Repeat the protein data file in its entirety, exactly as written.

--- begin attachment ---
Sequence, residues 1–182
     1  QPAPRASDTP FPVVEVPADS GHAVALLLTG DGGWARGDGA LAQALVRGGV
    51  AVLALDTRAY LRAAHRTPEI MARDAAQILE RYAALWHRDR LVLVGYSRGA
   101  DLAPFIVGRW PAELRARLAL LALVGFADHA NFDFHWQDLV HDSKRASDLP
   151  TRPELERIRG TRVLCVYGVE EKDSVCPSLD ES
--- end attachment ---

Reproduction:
Sequence, residues 1–182
     1  QPAPRASDTP FPVVEVPADS GHAVALLLTG DGGWARGDGA LAQALVRGGV
    51  AVLALDTRAY LRAAHRTPEI MARDAAQILE RYAALWHRDR LVLVGYSRGA
   101  DLAPFIVGRW PAELRARLAL LALVGFADHA NFDFHWQDLV HDSKRASDLP
   151  TRPELERIRG TRVLCVYGVE EKDSVCPSLD ES